Situational crime prevention works; or why burglary rates dropped less steeply in Germany than in The Netherlands

Prof. Dr. Jan van Dijk
Tilburg University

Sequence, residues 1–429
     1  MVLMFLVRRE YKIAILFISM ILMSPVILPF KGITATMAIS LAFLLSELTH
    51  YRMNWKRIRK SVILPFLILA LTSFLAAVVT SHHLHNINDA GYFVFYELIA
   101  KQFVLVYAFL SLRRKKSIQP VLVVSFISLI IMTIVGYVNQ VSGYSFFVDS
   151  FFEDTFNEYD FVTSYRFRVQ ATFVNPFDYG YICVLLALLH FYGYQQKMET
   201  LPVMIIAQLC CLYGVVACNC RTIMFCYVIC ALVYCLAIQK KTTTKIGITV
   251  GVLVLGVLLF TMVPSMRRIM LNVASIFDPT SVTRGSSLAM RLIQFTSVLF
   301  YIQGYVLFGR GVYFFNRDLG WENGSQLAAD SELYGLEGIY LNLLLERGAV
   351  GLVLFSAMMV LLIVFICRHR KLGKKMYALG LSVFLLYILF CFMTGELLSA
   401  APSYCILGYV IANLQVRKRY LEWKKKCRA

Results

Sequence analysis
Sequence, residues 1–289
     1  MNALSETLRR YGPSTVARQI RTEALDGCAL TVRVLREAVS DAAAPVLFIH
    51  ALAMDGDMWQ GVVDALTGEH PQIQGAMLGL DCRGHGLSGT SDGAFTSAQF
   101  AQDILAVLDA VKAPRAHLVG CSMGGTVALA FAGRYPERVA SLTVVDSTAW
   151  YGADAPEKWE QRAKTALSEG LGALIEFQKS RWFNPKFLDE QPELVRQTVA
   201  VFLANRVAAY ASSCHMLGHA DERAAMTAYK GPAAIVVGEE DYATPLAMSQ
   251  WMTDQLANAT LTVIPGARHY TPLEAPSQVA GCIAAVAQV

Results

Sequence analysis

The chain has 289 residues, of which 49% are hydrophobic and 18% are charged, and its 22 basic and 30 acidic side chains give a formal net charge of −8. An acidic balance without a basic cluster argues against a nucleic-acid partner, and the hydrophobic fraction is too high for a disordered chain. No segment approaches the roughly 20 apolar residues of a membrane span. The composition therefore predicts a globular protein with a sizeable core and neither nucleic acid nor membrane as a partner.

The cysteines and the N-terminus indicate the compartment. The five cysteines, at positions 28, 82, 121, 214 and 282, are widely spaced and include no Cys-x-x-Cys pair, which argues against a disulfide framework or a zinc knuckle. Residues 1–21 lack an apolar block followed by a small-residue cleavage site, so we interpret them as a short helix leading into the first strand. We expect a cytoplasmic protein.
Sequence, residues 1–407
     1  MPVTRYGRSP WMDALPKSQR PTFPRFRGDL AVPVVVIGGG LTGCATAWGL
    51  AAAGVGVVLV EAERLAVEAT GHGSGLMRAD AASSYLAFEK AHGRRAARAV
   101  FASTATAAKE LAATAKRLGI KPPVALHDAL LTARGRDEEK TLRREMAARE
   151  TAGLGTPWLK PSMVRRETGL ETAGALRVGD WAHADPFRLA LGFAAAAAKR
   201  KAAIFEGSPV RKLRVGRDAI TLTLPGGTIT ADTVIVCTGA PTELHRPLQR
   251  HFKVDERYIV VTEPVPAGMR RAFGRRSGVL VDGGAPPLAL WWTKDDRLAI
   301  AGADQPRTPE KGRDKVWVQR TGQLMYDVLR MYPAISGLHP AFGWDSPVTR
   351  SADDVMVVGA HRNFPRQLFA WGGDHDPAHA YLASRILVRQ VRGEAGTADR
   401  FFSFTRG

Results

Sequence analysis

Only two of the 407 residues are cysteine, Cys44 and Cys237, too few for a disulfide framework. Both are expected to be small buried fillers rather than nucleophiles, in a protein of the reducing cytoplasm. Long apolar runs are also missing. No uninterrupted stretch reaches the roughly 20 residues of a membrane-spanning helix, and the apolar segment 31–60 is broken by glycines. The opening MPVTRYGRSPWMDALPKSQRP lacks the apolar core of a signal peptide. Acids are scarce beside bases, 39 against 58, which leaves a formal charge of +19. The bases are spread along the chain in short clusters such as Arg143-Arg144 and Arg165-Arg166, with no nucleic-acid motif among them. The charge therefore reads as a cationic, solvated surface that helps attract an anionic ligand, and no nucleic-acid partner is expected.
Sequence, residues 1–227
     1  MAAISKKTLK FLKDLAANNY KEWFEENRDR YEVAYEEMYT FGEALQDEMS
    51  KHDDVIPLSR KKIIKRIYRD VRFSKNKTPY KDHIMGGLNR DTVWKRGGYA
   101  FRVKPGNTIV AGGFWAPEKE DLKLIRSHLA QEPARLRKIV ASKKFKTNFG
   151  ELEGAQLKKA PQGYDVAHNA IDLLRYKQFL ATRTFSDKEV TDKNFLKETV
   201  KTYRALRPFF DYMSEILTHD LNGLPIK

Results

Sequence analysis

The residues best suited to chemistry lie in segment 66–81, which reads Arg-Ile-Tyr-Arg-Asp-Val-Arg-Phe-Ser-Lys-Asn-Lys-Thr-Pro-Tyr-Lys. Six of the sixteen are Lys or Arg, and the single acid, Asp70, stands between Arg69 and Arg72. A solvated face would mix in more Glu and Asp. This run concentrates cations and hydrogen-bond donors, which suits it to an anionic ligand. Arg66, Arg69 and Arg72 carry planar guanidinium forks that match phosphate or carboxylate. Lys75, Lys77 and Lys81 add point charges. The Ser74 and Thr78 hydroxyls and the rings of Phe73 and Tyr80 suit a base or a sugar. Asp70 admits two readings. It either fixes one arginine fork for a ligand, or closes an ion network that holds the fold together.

This paper addresses the issue whether countries with a higher penetration of household security in a given year are rewarded by lower burglary rates in the years ahead. The repeats of the International Crime Victim Surveys (ICVS) in 2005 and 2010 allows us to explore this issue empirically. In 2005 and 2010 the ICVS was repeated in eight Western nations, Canada, Denmark, England/Wales, Estonia, Germany, The Netherlands, Sweden and Switzerland (Van Dijk, 2012). These eight nations, however similar in many other respects, show considerable variation in the penetration of household security in 2005 (measured as the percentages of households covered by burglar alarms and/or special security locks). The results show that trends in burglary victimization between 2005 and 2010 have been widely diverging. In England/Wales, The Netherlands and Canada rates have fallen, in Germany and Sweden rates remained more or less stable and in Estonia, Denmark and Switzerland they went up. During this period rates of burglary victimization went down in countries with the highest penetration of home security and remained more or less stable or went up in countries with a lower penetration. These results suggest that the active promotion of household security by the national governments in Britain and The Netherlands has enhanced general welfare and that the populations of Germany, Sweden, Estonia, Switzerland and Denmark are paying the price for their government’s policies of laissez faire on the security market.

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